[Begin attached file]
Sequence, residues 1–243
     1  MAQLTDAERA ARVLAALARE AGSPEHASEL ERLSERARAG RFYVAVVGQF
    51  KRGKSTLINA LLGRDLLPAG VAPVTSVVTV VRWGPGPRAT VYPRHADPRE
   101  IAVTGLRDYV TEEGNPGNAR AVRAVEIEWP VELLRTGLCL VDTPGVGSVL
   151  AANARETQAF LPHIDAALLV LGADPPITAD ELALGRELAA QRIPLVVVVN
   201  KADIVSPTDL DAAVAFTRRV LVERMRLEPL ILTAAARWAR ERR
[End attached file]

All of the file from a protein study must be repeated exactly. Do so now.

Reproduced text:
Sequence, residues 1–243
     1  MAQLTDAERA ARVLAALARE AGSPEHASEL ERLSERARAG RFYVAVVGQF
    51  KRGKSTLINA LLGRDLLPAG VAPVTSVVTV VRWGPGPRAT VYPRHADPRE
   101  IAVTGLRDYV TEEGNPGNAR AVRAVEIEWP VELLRTGLCL VDTPGVGSVL
   151  AANARETQAF LPHIDAALLV LGADPPITAD ELALGRELAA QRIPLVVVVN
   201  KADIVSPTDL DAAVAFTRRV LVERMRLEPL ILTAAARWAR ERR